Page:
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South African Minister for Higher Ed speaks on need for better student outcomes


South Africa’s Minister of Higher Education and Training Naledi Pandor spoke at the Siyaphumelela Conference this week, imploring the country’s university leaders to increase efforts to improve student success as a national imperative. 

Pandor is the nation’s highest government official overseeing postsecondary education. The Siyaphumelela Conference is in its fourth year and brings together nearly 200 university leaders including vice chancellors, deputy vice chancellors, academic advising leaders, faculty and student-success coaches to share best practices on improving student success.

South African Minister of Higher Education and Training Naledi Pandor with leaders at the 2018 Siyaphumelela Conference. 

South African Minister of Higher Education and Training Naledi Pandor, seated, with leaders attending the 2018 Siyaphumelela Conference in Johannesburg. 

Pandor, who was seated as minister within the last few weeks but is a long-time leader in South Africa’s African National Congress political party, stressed the important role the nation’s universities have in building a more successful country. She also cautioned that too many South African students are not reaching their ultimate goal of graduation, saying universities must do better. 

“Our higher education institutions should be assisting us in responding to the intractable challenges in South Africa today,” she said Tuesday at The Wanderers Club in Johannesburg. “And I’m not sure they are doing that.”

South Africa has a 12.1 percent attainment rate, according to the national Community Survey released in 2016.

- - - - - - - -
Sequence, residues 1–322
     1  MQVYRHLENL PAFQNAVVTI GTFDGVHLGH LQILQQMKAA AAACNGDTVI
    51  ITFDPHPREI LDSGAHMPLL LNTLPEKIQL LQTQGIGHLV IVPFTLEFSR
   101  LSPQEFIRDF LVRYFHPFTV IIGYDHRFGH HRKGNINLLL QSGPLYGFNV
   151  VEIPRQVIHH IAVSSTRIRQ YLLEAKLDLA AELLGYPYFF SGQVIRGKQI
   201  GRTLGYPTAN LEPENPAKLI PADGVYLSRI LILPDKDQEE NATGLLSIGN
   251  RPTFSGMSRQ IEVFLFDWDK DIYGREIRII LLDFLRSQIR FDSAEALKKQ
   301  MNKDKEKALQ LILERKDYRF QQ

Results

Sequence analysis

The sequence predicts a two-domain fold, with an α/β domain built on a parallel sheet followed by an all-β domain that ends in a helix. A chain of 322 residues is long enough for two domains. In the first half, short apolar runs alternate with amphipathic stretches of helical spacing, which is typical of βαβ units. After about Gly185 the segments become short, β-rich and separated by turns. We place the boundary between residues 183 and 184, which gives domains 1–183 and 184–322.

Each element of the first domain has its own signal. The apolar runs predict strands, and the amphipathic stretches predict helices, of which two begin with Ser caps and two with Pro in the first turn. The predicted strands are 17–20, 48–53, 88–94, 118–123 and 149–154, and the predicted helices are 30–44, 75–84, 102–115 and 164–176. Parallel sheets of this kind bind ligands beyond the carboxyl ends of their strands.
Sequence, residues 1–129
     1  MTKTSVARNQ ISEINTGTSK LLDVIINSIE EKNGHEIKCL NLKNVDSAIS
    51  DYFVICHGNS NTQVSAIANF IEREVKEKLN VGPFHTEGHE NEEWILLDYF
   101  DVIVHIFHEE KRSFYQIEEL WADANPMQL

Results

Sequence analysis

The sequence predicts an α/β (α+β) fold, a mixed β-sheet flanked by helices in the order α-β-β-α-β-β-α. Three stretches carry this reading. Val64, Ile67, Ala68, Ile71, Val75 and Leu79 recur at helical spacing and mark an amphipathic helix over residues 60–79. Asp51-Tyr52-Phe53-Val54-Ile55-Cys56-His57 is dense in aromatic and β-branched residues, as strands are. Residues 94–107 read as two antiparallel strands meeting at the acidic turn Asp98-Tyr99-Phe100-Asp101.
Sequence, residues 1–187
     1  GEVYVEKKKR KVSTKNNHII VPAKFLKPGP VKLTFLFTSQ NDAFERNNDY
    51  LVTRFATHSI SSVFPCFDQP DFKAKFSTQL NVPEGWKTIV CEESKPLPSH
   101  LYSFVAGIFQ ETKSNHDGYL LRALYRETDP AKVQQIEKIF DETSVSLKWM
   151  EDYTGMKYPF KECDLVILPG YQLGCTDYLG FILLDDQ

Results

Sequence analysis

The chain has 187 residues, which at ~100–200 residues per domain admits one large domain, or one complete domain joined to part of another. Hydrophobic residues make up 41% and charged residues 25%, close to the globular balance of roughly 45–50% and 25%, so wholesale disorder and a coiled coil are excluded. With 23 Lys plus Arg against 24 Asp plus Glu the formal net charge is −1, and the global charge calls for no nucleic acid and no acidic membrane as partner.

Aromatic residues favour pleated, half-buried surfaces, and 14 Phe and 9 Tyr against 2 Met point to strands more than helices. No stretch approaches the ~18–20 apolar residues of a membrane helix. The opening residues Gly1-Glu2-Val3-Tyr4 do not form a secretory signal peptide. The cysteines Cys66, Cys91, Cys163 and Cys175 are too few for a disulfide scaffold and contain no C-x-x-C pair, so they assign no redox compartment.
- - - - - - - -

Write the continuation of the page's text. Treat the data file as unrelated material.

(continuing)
Pandor also spoke to student funding issues, noting that students with higher levels of government-backed funding have higher success rates. “Student success is a priority of this administration,” Pandor said. “We need models of funding that fully support their needs.”

Pandor expressed hope that the Siyaphumelela initiative will create deep impact and a desire to see the use of data analytics spread to more universities across the country. “I’m looking forward to seeing the improved student success rates that will come as a result of this initiative,” Pandor said. “I hope that as we see more students succeed, we will see South Africa succeed.”

Kresge Foundation Education Program Managing Director Bill Moses poses with South Africa's Minister of Higher Education and Training Naledi Pandor.

Kresge Foundation Education Program Managing Director Bill Moses with South Africa’s Minister of Higher Education and Training Naledi Pandor at the 2018 Siyaphumelela Conference in Johannesburg.

Dr. Sara Goldrick-Rab, a professor from Temple University and leader of the Hope Center for College, Community and Justice, which studies the impact of basic needs insecurity on postsecondary student success and is Kresge grantee, also spoke at the conference on Tuesday. 

“Meeting basic needs like food and housing is the precondition for doing anything else,” said Goldrick-Rab, whose research through the Hope Center found that two-thirds of U.S. college students surveyed in 2017 reported dealing with food or housing insecurity. “For cognitive functioning, we simply need our brains to be running properly.” 

Siyaphumelela, which means ‘We Succeed’ in Xhosa, is a Kresge-funded initiative that helps five South Africa Universities build capacity in using data analytics to improve graduation rates. The participating universities are the Durban Institute of Technology, the University of Pretoria, the University of Witwatersrand, Nelson Mandela University and the University of the Free State. 

“There is no magic bullet, no one app, no one consultant or program,” said Kresge Education Program Managing Director Bill Moses in his welcome address at the conference. “Student success needs to be an approach and not a priority, but the priority.

Kresge’s Education Program has funded South African higher education work for more than 10 years. It represents Kresge’s only funding outside of the United States. 

The conference continues through Thursday in Johannesburg with speakers including Dr. Kim Wilcox from the University of California, Riverside; Professor Yunus Ballim, vice chancellor of Sol Plaatje University; and Professor Sukhwant Jhaj, vice provost for academic innovation and student success, Portland State University. Follow the action on Twitter using #SIYA2018 and follow Siyaphumelela at @siyaphumelela5